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REVIEW:  The Waters of Eternity by Howard Andrew Jones

REVIEW: The Waters of Eternity by Howard Andrew Jones


Venture into the time of the Arabian Nights with stalwart Captain Asim and the brilliant Dabir as they hunt an unseen killer that craves only the eyes of his victims, and pursue a dark entity haunting the halls of an opulent mansion. Ride with them on a desperate journey to preserve a terrible weapon from Byzantine agents, and seek the waters of eternity to save a dying girl’s life. In six tales brimming with mystery and sword-slinging action Dabir and Asim stride forward into adventure. With nothing to shield them but Asim’s sword arm and Dabir’s wit, the two heroes must unravel sinister puzzles, confront dark wizards, rescue fair maidens, and battle the terrifying monsters of legend.

Dear Mr. Jones,

I was doing some ebook shopping at Kobo when your books appeared in the “suggestions for you” slideshow.” Ever since I’d enjoyed Janine Ashbless’ “Heart of Flame,” I’ve been looking for more “Arabian Nights” style stories. Hmmm, I thought. These look interesting and could be something I’d like. But since I’ve been burned before when diving into unknown-to-me authors, I decided to try this collection of short stories first.

What an engaging voice you’ve given to Asim. From the start I know I’m in good story-telling hands with someone who has the pacing, descriptions and ability to deliver a rousing finish. These are well rounded characters with consistent traits, habits, likes and irritations rather than cardboard backdrops for the fantasy world you’ve created. Readers seeking different settings, times and something other than vampires/weres/fairies, European settings and Christian characters need look no further.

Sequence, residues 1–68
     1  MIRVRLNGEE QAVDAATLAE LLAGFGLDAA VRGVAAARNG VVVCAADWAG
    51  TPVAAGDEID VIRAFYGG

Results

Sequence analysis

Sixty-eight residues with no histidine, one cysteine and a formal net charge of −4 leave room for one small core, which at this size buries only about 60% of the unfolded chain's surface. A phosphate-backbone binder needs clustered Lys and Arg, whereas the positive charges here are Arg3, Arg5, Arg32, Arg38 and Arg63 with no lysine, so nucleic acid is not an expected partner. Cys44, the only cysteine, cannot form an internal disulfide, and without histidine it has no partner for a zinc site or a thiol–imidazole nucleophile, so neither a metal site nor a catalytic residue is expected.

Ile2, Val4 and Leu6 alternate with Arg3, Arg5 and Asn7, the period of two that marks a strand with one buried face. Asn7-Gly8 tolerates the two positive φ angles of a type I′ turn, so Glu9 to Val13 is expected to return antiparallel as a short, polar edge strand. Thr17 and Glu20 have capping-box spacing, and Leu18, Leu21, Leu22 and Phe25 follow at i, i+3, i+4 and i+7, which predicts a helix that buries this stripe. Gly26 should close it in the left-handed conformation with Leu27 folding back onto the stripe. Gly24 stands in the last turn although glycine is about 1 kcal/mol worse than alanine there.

Asim and Dabir’s adventures are short, sweet and to the point – nice bite sized stories that can fit into any available reading time. Only one felt somewhat incomplete to me – the first one with ghul where they ended the story unsure of what had caused the ghul to change and attack. The rest are complete, well told, with good pacing, explanation and resolution.

The creatures are ghastly fun – especially the last one which made me think of the old Italian swords/sandals Hercules movies. I like that they don’t always behave according to legend and that some might appear to be one thing but then in the final denouement, become/behave/resolve another way. It kept me on my reading toes until the finale.

The relationship between Dabir and Asim is wonderful. They’re obviously long time friends – Asim knows not to interrupt Dabir while he’s thinking and, when sent to interview people, to ask lots of questions and remember the suspects’ actions/looks/demeanor as well as the answers they give. They know each others strengths and weaknesses – Dabir = brains, Asim = brawn, and work together well as a team. They’re a middle eastern bromance.